Newspaper Page Text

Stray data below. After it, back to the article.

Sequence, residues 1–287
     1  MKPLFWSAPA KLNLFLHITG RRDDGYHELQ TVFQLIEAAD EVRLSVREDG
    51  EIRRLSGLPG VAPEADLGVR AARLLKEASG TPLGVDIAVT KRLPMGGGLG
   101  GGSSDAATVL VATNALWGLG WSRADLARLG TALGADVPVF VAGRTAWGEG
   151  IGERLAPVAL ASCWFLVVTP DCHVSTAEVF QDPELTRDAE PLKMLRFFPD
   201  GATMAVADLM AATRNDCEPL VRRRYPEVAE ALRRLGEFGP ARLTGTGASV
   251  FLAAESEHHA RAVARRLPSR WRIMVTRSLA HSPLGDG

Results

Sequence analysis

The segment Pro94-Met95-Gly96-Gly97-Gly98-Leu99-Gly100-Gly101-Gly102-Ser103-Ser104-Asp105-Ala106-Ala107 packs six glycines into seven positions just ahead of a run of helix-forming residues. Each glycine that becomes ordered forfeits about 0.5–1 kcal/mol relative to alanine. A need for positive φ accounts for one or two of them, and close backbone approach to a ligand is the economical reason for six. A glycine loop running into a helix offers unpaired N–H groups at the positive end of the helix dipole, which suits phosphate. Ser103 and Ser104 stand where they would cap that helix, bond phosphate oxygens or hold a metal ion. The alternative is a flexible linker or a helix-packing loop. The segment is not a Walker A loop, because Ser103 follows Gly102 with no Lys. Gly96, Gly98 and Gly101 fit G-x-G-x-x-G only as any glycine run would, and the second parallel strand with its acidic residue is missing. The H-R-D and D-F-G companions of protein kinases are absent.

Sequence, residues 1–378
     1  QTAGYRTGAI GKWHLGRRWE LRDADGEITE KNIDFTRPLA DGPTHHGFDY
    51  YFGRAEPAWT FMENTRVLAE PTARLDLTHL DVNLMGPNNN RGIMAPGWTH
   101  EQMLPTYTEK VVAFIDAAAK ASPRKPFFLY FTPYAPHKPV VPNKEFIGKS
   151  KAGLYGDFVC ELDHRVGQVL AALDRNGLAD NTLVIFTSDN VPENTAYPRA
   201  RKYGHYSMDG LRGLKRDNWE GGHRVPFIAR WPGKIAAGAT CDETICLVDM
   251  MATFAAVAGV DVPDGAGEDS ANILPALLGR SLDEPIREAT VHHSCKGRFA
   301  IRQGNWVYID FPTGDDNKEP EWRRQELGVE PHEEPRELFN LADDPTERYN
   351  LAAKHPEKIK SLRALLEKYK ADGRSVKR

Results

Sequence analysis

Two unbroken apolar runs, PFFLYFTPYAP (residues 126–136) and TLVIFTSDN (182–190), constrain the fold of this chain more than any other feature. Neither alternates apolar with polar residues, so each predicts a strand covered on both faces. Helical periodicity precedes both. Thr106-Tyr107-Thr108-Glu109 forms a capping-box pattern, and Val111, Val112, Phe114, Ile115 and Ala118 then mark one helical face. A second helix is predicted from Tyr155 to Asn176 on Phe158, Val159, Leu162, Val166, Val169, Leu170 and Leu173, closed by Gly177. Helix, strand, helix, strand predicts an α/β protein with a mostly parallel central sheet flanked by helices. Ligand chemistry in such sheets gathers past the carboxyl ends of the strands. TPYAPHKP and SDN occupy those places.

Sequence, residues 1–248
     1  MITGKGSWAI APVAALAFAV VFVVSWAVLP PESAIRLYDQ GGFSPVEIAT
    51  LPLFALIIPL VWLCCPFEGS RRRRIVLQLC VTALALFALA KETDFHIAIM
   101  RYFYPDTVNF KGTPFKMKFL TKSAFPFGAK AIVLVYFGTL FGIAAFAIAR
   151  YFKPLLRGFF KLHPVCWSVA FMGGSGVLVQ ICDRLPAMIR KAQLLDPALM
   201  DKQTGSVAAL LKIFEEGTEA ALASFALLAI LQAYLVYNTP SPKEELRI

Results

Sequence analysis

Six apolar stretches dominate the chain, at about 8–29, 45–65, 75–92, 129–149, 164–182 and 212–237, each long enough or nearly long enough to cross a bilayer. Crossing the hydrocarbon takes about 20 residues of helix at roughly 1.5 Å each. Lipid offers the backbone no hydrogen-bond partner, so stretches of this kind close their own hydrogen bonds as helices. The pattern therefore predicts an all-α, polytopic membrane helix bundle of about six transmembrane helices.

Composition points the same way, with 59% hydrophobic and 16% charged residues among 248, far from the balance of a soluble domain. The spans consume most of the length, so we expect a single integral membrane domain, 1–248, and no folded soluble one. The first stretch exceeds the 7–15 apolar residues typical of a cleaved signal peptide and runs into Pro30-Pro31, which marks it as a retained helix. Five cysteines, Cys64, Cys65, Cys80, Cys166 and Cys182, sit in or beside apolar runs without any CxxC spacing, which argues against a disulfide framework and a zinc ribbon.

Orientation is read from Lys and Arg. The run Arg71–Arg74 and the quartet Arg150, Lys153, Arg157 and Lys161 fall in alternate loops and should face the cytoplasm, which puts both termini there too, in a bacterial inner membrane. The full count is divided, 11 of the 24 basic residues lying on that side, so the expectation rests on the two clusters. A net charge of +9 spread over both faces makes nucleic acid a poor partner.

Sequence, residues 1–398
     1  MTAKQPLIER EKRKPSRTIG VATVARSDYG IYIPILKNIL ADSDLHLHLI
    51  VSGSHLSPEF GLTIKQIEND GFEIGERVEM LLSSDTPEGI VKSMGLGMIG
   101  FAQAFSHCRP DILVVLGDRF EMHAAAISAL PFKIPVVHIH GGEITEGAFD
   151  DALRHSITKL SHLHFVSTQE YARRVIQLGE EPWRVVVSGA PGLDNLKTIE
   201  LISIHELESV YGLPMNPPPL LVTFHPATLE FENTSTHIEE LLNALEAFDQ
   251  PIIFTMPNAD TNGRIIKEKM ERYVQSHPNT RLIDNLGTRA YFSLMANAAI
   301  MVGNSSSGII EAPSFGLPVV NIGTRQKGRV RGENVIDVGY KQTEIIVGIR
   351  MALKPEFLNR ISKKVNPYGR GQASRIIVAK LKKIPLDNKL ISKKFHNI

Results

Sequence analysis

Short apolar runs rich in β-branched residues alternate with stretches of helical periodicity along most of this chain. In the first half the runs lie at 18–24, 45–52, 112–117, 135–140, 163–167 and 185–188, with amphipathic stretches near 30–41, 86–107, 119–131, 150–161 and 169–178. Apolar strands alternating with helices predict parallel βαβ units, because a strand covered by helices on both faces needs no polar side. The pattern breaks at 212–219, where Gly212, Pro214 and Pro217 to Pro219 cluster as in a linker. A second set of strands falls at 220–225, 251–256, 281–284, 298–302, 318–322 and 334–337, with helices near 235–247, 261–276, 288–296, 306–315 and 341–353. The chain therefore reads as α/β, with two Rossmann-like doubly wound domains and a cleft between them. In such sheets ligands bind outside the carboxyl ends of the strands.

Two Big Floods Make Their Way Down Four=Mile Creek Last Night, Doing Damage Arkansas River Again Makes Serious In roads on D. & R. G. Tracks in the Royal Gorge A Thousand Feet of Track Taken Out by the Flood, and Part of Retaining Wall Washed Away—Three Hundred Men Now At Work Repairing the Damage Between Canon City and Texas Creek From Thursday’s Daily. The truth of the old saw that “it never rains but it pours” was forcib ly exemplified in the storms in the mountains last night, which rivalled in intensity and in the volume or their precipitation those of the prev ious twenty-four hours. It is not often that the valley of the Arkansas is the scene of such a flood as it witnessed Tuesday night, and but once in a generation is it twice deluged within the space of one day. Along the western horizon Wednes day afternoon and until late at night there was a great mass of nimbus clouds that indicated a rainfall that must inevitably add to the flow of water in the river, and, perhaps, by its force damage property along its course. About B o'clock Four Mile creek began to rise rapidly at the poor farm in consequence of a storm in the hills along the upper course of Wilson’s creek, but little damage was done by it, although the driftwood and mud brought down by the current showed j the rain to have been one of unusual } violence. i An hour or so later it was again on a rampage, the water rising with | remarkable rapidity until it register- i ed more than six feet above the nor mal flow. This time the storm was in the drainage area of Four Mile ! creek and the rush and roar of the muddy, foamy water as it made its way down the stream could be heard j for a long distance, conveying to the j thoughtful man. or woman, some idea ■ of the mighty force that urged it onward. On the crest of the flood was car- j Tied trees, brush and, in fact, all ' kinds of floating material that could I he reached by its waters. People ' standing on the banks of the creek j at the poor farm observed a large quantity of lumber being carried towards the river, which it is believed, was torn loose by the force of the : torrent from the bridge at Felch’s j ranch, which was wrecked by a flood j that had its origin in the Cooper: mountains three weeks ago. The flood in the Arkansas river, last night was such a one as has : been seen hut few times since the set tlment of the country, and. in its greatest flow, the water was ten or ! twelve inches higher than it was dur ing the deluge of rhe previous day. The retaining wall built by the Denver & Rio Grande Railroad com pany this side of the Hanging bridge to protect its property from the cur rent of the river was in a large part washed away, necessitating the ex penditure of hundreds of dollars in its restoration. Although the wall was of solid masonry, it collapsed un der the force of the current that surged against it like a house of cards, leaving no trace of its exlst ance. A little further down this way the current cut into the embankment of the river and destroyed more than a thousand feet of the railroad track, opening up one of the greatest chasms In its roadbed that has taken place on this division in several years. To repair the damage at this place alone will cost the company a large sum of money. Three hundred men are work ing night and day to restore the rail road track into condition for travel as far as Texas Creek, and it is expect ed that they will finish their task within thirty-six hours. The work Is being personally directed by Assist ant General Manager Martin, Divis ion Superintendent Miller, Roadmast er McGuire. Superintendent of Roads and Bridges Ogle and Trainmaster Green. They are rushing the repairs as fast as possible and the line to Sallda will be opened at the earliest practicable moment. Logs, trees, brush and sand are plied up on the floor of the Hanging bridge to a depth of live or - six feet and the railroad track for a mile or more beyond Is hidden by the float sam and jetsam of the river, or eab mergad by a eea of mi The eoeoe la the Royal Gorge this * V morning was one of utmost desola tion and abandonment and could hardly have looked more wild or more unforbidding to Colonel Zebulon Pike and his handful of followers when they tried to make their way through it in 1802. Although the devastation wrought by the river was great the damage to the waterworks pipe line has been very slight considering the strenu ousness of its experience during the last two days. The flood of Tuesday night loosened a rock up in the mountains near mile post one hundred and sixty-five and It fell with crushing force on the con duit, damaging the line more ser-j iously than the current of the river. The big rock was dynamited yes- j terday by the contractors of the en- \ terprise and no longer interferes with j the completion of the work. About I two thirds the distance between the j mouth of the Royal Gorge and the I Hanging bridge a gap of nearly two | hundred and fifty feet of the railroad ] track was washed out Tuesday night : and it is there that the large gang of workmen are employed today. Every bridge on the Westcliffe 1 branch of the Denver & Rio Grande : road is gone and it will, probably, I be a week or more before traffic over I that portion of the company’s prop erty is resumed. The men now at i work on the main line will be kept [ there until their task is completed, i but will later give their attention to I the Westcliffe branch. Mr. Maddox, l local agent of the company, is leaving j nothing undone to expediate the com ' pan.v’s business and to acommodate the public during the pending diffi culty and whatever of trouble and in | convenience that may result from the interruption of traffic will not be | in any way attributed to him. or his assistants. The Secret of Long Life. A French scientist has discovered i one secret of long life. His method deals with the bicod. But long ago | millions of Americans had proved | Electric Bitters prolongs llfo and makes it worth living. It purifies, en ! riches and vitalizes the blood, re builds wasted nerve cells. Imparts life and tone to the entire system. Its a godsend to weak, sick and debilitat ed people. “Kidney trouble had blighted my life for months,” writes W. M. Sherman, of Cushing. Me., “but Electric Bitters cured me entirely.” Only 50c at Hunter Palmer’s. DELIVERED AN ADDRESS BEFORE HOTEL MEN’S ASSO CIATION AT THE ALBANY C. C. Denton retu o1 home last night from Denver where he went the first of the week as a delegate to the Trans-Mississippi Commercial Con gress as a representative of the hotel interests of Colorado. Mr. Denton re ports a delightful time and while in the city had the pleasure of renewing many old acquaintances. Oti Tuesday he addressed a convention of the ho tel men of the state at the Albany ho tel on the attractions of Canon City as a tourist point. Mr. Denton believes in putting Canon City on the map and allows no opportunity to escape of saying a good word for the commun ity. He is convinced that the advant ages of Canon City are second to no town of its size in the west and thinks it ought *o find a place in the itinerary of every visitor to Colorado. Soldier Balks Death Plot. It seemed to J. A. Stone, m cl Til war veteran, of Kemp, Tex., that a plot as* Isted between a desperate lung trou ble and the grave to eanse his death "I contracted a stubborn cold,” ha writes, "that developed a cough that stuck to me. In spite of all remedies. for rears. My weight ran down to 1M pounds. Then I began to uae Dr. King's New Discovery, which recto rad my health completely. I now weigh ITS pounds." For severe colds, ohetta ate coughs, hemorrhages ( asthma and to prevent pnenmonla It's aartvaled. Me sad tl.oo. Trial bottle free, •ear an teed by Banter Palmer. - THE CANON CITY RECORD. THURSDAY, AUG. a6, ipog SPEED MANIA CAUSES VIOLENT DEATHS ON NEW RACINg COURSE Indanapolis, Aug. 21.—Two lives were lost at the opening of the new Indianapolis motor course yesterday, William A. Bourque, driver of the Knox car in the 250-mile race, and Harry Holcomb, his machinist, were killed by crashing into a fence. The death of the two men caused the American Automobile Association to inform the owners of the track that certain changes must be made by tomorrow or sanction for the re maining events will be withdrawn. The association demands that the track be freed from dangerous ruts and that every inch of it be thorough ly oiled and tarred. Today only a short portion in front of the grandstand was oiled and dust on the other parts is blamed for the collapse of two drivers In the long race—Louis Chevrolet and Fred Ellis —who were blinded by the dense white mist that covered the major portion of the track. The Knox car was in second place, with Burman in his Bulck leading, and had covered nearly 160 miles when the crash came. While coming down the home stretch the car sud denly swerved and tore into the fence at the left of the track, turning com pletely over and pinning its two oc cupants beneath it. Both men were alive when taken from under the wreck, but Bourque l died in the ambulance on the way to the emergency hospital. Holcomb ; died a few minutes after he arrived i at the hospital. According to the story told by Pri vate Frank Brandor, of the Indiana national guard, who was nearest the - accident, something caused both of* the men suddenly to turn and look j behind. As they did so. the steering ; wheel slipped from Bourque’s hand. Then the accident occured. For indigestion and all stomach trouble take Foley’s Orino Laxati*%as it stimulates the stomach and Uver and regulates the bowels and will positively cure habitual constipation. Sold by Mitchell & Egbers. ART AND FANCY NEEDLE WORK DEPARTMENT TO DE ADDED TO COUNTY FAIR The board of directors of the fair! association have decided to add an art j and fancy needlework department to j the exhibit to be held next month and j have set aside two hundred dollars to be given in premiums on that account. Mrs. Harry L. Bowman of Lincoln Park will be superintendent of -he department and assurances have been received that it will be one or the most interesting and comprehensive of the entire fair. Owing to the fact that nobody could be found that was willing to take charge of the proposition at the time no provision was made by the asso ciation for an art and needlework display at the time the regular prem ium list was issued. Requests began to pour in on the secretary and other officers shortly afterwards for each a department and a liberal appropria tion was made to Insure its success, Mrs. Bowman has taken the matter up in the most energetic way and has been promised the support and co operation of a large number of ladles In various parts of the country. A spe cial premium list Is being gotten out covering the classifications and awards In the department and will be ready for distribution In the oourse of a week or ten days. Those who have articles eligible for exhibition In this department are Invited to communi cate with Mrs. Bowman with as little delay as possible. W. B. Rowland, secretary of the as sociation. says the outlook for a suc cessful fair In this county was never as encouraging as It Is now and that only In the contingency of bad weath er can It experleaee anything like failure. Already prospective exhibit ors are begtaniag to make their en tries and a rush of that Mud of busi ness la expected next week. The Riot entries wars made os Thuradar Mbaa LA Dowel ef Orafcard Par* rsgtsMm M MRM iuiiw m xmm S. S. A. L. MAKES PREPARA TION FOR ALL-STAR GAME AND BIG BANQUET SEPT. It was unanimously decided at the ( meeting of the Sunday School Athletic league, which was held at the Y. M. C. A. last evening, to bring the Colo rado Springs All-Star Y. M. C. A. team here Labor Day. Sept. 6th, for an afternoon game of base ball at the High school grounds, with an all-star team which is to be selected from the local Sunday School Athletic League base ball teams. The men assembled became very enthusiastic regarding the matter, feeling that it would be appropriate to close such a success ful season in this auspicious manner. The first question that confronts the average friend of the league is no doubt “Who Will Pick the Canon City S. S. A. L. All-Star Team?” It was the unanimous decision that each captain should select what is, in his estima tion, an all-star team; also a commit teeman to act in conjunction with four other committeemen in the se lecttion of the team. The fifth member of this committee is selected by the president of the S. S. A. L. The four lists of all-star players selected by the four captains will give the com mittee a good start, and will aid them very materially in their selections. A second team will also be selected to compete with the all-star team, and a practice game will be played Monday evening at 6 o’clock between these two aggregations, it being the decis ion of the league 'that all post-series games should be declared off, and the whole attention of the men given to the development of the all-star team. The following committees were ap pointed to look after the different matters pertaining to the big game and banquet: Finance—C. W. Van Patten, Ben Schannuel. Cbas. Webb. Tickets, advertising and arrenge ments—Fred Duncan. E. R. Jukes, F. B. Wheelock, Paul Stergle, A. Lee Mc- Kee, Clifford George. J. G. Cramer. Banquet—A. D. Morrison. Walter Schanuel, Webb Sperry. The commit tee w’hlch selects the all-star team Is to be secret. Meet these workers with a broad smile and do your duty. .Mrs. C. C. Denton left Wednesday for Cleveland. Ohio, to spend six weeks with her mother and sister. A. H. Craig. M. C. Wilson. Charles Pauls and J. L. Hyde returned home yesterday afternoon from a ten days’ or two weeks' camping and fishing trip on upper Cochetope creek. They report fishing as being fine on first going into camp, but subsequent rains kept the water roily, which greatly diminished the sport Like hundreds of other people they were marooned a; Salida by the washout of the Den ver & Rio Grande railroad tracks between Howard and Canon City. Try a Dally Record Want Ad. tura! and farm products departments. Mr. Devol says there la a great deal of Interest In the fair among the peo ple or his neighborhood and that they are planning to make a fine display of field and garden products. In every division of the fair the prospect Is assuring and It Is be lieved the buildings will be taxed to their capacity to accommodate the displays. Already there has been a big demand for space in the exhibition halls, particularly in the horticultural and farm products sections, and the same thing is expected In the poultry and mechanic arts departments be fore the close of the current month. The entertainment features, which are under the supervision of Dudley Van Busklrk, will he the best eve: seen here and will, no doubt, attract many people from beyond the borders of Fremont county. The most famous broncho busters In the state will be here and will afford the finest exhi bition of horsemanship to be witness ed anywhere In the west. A lot of two year-olds that have never bees sad dled will be ridden and there will be anch fun'as can be experienced no where this side or Cheyenne. Among the bucking horses that bava been se cured by Mr. Van Busklrk are "Straight Edge,” "Air Ship,” "Alkalal Ike" "Whistling Rufus," "Merry Widow," "Jubilee" "High Ball,* "Honey Boy," “Cry Baby," and "Cac tus Louie." "In addition to this fa mous bunch of bucking bronchos we have,” continued Mr. Van Busklrk, "live of the wildest outlaw horses In Colorado now eorralled waiting tor the big fair." . "Fruit Day," which will be Thurs day, September the Sth. 10,MO pounds or fruit wilt be given away. IWs fea ture will be under the supervision of Charles Swanson. There will be a Ist sola! train from Roekvale an PWbsM Par, "as wsH asjaaai jNjjSa, FRONTIER SKETCHES On July 8, 1869, Coropral Kyle, a detachment of the four men of Fifth cavalry, .while going to th'e camp of General Carr’a command op the Republican river in northeastern Colorado was attacked by a large l band of Indians but he successfully cut his way through them, wounding two of the Indians without any caus ualties to his own men. The next day General Carr took up the trail and followed It rapidly for two days. Early on the morning of July 11th he completely* surprised the Indian camp at Summit Springs. He Instantly charged upon It with five troops of the Fifth cavalry and three com panies of mounted Pawnee scouts, killing fifty-two Indians, among them Tall Bull, the head of the band and one of the most prominent Sioux chiefs. So complete was the surprise and so sudden and unexpected the attack, that the Indians had time only to spring onto their ponies anrd flee for their lives. Only one cavalryman was wounded and a lew horses killed. In this camp were found two unfortun ate white women, who had been cap tured in the raids on the Kansas set- | Build Up; Buy Goods Made In Colorado Zint’s Talks On Colorado Made Goods Eighth of a Series of Articles Exploiting Home Industry. In the year 1889 there wai begun in Denver a small business carry ing a stock of lamps, chandeliers, gas and electric fixtures. At that time the Institution referred to carried ten employes on their payroll at a dally wage of $3. The enterprise, push and determination to win. has brought this firm from a small retail estab lishment to one of the largest manu facturing plants of Its kind In the United States. We have a factory In our city that Colorado may well feel proud to call her own. as It Is a home product In every fiber of its composi tion. It was born here and has steadily grown until It occupies a large building three stories and base ment for the exclusive manufacture of light, gns and electric fixtures of every description. One feature of our home plant tbat should appeal to everyone, and to those especially who desire original ity of design and workmnnahlp. Is tbs fact that our factory haa expert de signers who can take your plans or Ideas and formulate the most beau tiful works of art that yon can con ceive; we can cater to the most ex clusive as well as those of milder taste. The factory we are describ ing Is located at Seventeenth street and I>ogan avenue, and It would be Interesting to anyone who hm sthe shadow of a doubt that manufactur ing cannot prosper In Colorado to visit this plant, and have Its work- PARTY OF PLEASURE SEEKERS RETURN FROM THE MOUNTAINS Monday evening a party (rum Un-! coin Park consisting of Mr. and Mra. W. H. .lonea and daughter. Edith. Ur. ; E. C. Milligan and relatives, Mr. and Mrs. Frank Bone from Klngsman, Ka„ returned front a week of pleaaure In the mountains. Mr. and Mra. Bone having driven from Kansas to Colorado in their new : "Bulck" automobile and learning many of Its uncelled qualities, decided to try Its power at mountain climb ing. at which it proved Itself a won der. for It made Its way to the Do- Wcese dam and through rain and mud from the dam to Hermit Lakes, some 18 mites south to an slsraMoa of 10,000 fast, (within a few feet of snow). Returning they were surprised to find the Oak creek road washed oat 'sad all bridges gone, bat after renter- Ing large boulders with the aid of a ooupls of planks picked ap along the way, and Mr. Boas proving himself such an excellent sad true driver, ha steered safely horns without even a 70 Years with Coughs We have had neatly seventy yean of experience wKb Ayer’s Cherry Fedora*. That makes us have meat con* fidence in it for coughs, colds, bronchitis, weak throats, and weak kings- Ask your own doctor what experience he has had with it He knows. He can advise yon touch with your fenfly I*!”"- • 'Vy;• ? y-Jr' -t"- 1; 51. } . ;• <»»-£ - ; A dements by the Indians. One of them, a Mrs. Alder dice, had been captured with her baby, whom the Indiana strangled before her eyes. The other a Mrs. Weichell, had seen her hus band horribly mutilated and than killed just before she was carried off \|).v the savages. When the Indians realised that the troops were upon them and these wo men would be rescued, they killed Mrs. Alderdice by braining her with a wur club and shot Mj?s. Weichell in tlie breast leaving her for dead. The army surgeon with the troops ex tracted the bullet from hter back, how ever. and she was tenderly carried by the soldiers to Fort Sedgwick where she eventually recovered. Her pitiful story of the treatment Of Mrs. Aider dice and herself by the Indian braves was simply heartrending and too aw ful to put in print. Besides capturing two hundred and seventy-four horaee and one hundred and forty-five mules in this camp, the enlisted men found nearly fifteen hundred dollars In money, which they promptly and cheerfully donated to Mrs. Weichell as an expression or their sympathy for her great grief and terrible mis fortune. Inga demonstrated, taking the raw material and passing It through It* various stages of development until It emerges In the assembling room tha finished article, a most beautiful piece of workmanship and when we tell you that our factory ships fMtokio every state in the union an dto many fore ign countries, the merit of "Colorado-Made Goods** should re ceive a strong recommendation from this kind of endorsement. ThJ* factory carries on Its -pay roll 125 employes at an average wage of $3. aggrigating an annual disburse ment of $117,000. and each year showa a substantial increase In both pro duction and number of employes. What Is true of this factory can be a reality to others If we are given proper support by our people. Be loyal to home Industries and re member that every time you demand “Colorado-Made" you are contribut ing your rnlte toward the support of our army of 52.300 employes, which the biennial report, bureau of labor statistics of Colorado, show as act ually employed In our state Indust ries. The Colorado Manufacturer's asso ciation publishes a little booklet which gives an alphabetical list of commodities manufactured or hand led by their members and opposite each Item la a reference number which directs you to dealers handling or manufacturing commodities there named. punctureed wheel. The party found Hermit Lakes an Ideal ramping ground there being hunting and fishing, together with wild strawberries. raspberries, buck berries and currants In abundance. Camp life was a new feature to Mr. and Mrs. Bone, but all expressed them aelves ns having had a delightful time. MARTIN GUY PAINFULLY HURT AT ZINC PLANT Martin Ouy. son of Mrs. M. Ouy, of 616 Rlw street, who Is employed at the plant of the Empire Zinc com pany, was caught In the machinery while at work shout • o’clock this morning and painfully hurt, although hie lajurlee are not regarded as of n Tery serious character. His elothlag was almost entirely torn front hla body and he reoetred several eats and bruises that necessitated the atten tion Of a surgeon. He was being drawn Into the oog wheels when res cued and that he escaped with hla IU» Is little abort of the miraculous. Hla friends expect that he win he able to be on the streets again la the coarse of four or five days.